Eventually, by the fourth day, I was able to arrange a safari trip to Masai Mara National Park
Nearing Masai Mara, the road becomes the road from hell; a dirt line constructed by grooves, bumps, rivulets, potholes, boulders, and dust. Here, you see the elongated, red-cloaked Maasai men walking with their cattle herds, undoubtedly thinking what silly fools we were bouncing along in that metal contraption.
The end of the “road from hell” lay at our lodging compound; the compound situated at the outskirts of a Maasai village, just outside the Masai Mara National Park. This was no Disney-esque Maasai village either; this was the real deal… cows, sheep, traditional clothing, traditional dung-covered huts, tons of flies, etc. We quickly settled in to our new tent enclosure homes, for that evening, we would enter the Masai Mara.
Besides the sheer joy one experiences wandering among the majestic wildlife, an additional key ingredient to an enjoyable safari adventure is to have a fun group of people to share the experience
Joining me on the safari was Claire, an intrepid British girl who had recently climbed Mount Kilimanjaro. Claire had also done some volunteer work at a lion rehabilitation facility in Zimbabwe. My additional companions was a young London couple, he of Polish descent and she originally from Kenya.
Masai Mara is a tranquil setting; expansive grasslands and rolling hills, open stretches and forested sections, a large area providing lots of space for wildlife to roam. Though this region is protected by the Kenyan government today, undoubtedly in part for its financial benefits derived through tourism, I fear for its continued existence. The rapidly growing city populations in Nairobi and Tanzania’s Dar Salaam, with their rapidly growing abject poverty slums, will eventually reach a boiling point; either the wildlife land preservation practice will continue or the growing populace will begin an encroaching migratory expansion to preserved lands.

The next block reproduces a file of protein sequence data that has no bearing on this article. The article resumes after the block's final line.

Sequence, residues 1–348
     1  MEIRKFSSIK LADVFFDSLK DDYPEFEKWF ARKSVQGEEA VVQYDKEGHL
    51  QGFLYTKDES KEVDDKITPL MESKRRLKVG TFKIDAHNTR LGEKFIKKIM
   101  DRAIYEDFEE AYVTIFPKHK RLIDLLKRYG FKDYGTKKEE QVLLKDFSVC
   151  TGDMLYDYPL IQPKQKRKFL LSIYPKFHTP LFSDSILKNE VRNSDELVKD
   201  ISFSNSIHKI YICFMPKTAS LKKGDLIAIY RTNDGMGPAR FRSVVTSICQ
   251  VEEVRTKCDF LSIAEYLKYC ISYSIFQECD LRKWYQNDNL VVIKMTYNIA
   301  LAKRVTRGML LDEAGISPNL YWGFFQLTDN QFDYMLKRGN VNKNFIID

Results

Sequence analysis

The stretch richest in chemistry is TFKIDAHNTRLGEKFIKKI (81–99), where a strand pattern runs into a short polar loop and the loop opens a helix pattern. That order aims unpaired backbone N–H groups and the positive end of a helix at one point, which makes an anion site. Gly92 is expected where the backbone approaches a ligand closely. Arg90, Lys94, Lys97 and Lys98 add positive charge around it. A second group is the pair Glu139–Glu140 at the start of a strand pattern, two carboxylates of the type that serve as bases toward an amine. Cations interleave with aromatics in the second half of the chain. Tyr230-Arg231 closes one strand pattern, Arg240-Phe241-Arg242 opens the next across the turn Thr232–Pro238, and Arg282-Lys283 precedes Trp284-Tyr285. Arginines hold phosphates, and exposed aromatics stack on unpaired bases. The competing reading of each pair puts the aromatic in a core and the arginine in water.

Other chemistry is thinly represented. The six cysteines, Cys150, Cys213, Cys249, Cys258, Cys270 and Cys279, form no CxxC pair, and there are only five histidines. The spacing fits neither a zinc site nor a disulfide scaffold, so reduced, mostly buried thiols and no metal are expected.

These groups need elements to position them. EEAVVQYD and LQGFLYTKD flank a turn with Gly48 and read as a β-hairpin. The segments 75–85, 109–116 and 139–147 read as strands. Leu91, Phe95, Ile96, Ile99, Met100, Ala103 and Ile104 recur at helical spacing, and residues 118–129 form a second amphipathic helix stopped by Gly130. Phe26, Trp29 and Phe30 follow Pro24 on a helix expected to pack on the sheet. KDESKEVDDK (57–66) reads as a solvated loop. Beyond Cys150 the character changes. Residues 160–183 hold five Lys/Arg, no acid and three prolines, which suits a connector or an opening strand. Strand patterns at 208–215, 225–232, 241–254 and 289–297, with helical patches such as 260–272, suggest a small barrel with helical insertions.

For now, and forever, that first evening, I knew that we, the human travelers, were the interlopers in this region.
Some straggler wildebeests greet us near the gate. They apparently didn’t receive the memo to migrate south toward the Serengeti Plain in Tanzania. After passing several graceful moving giraffes and elephants, we would soon draw our vehicle ever so close to those majestic lions we discovered perched on the rocks. A short distance below them sat a large Cape buffalo herd grazing amidst the thick marsh grass. We learned from our knowledgeable guide Lowry, the lions would not move in for the hunt until under the cover of darkness. At first light the next morning, we would find the results of their hunt.
To be continued in next entry…
Here's also a few pictures from my safari in Kenya's Masai Mara National Park. Much more writings to come!
To see more of my photography, please visit www.michaelmcguerty.com
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To view my Africa video, please visit http://www.youtube.com/watch?v=h7Sb2ncvmzw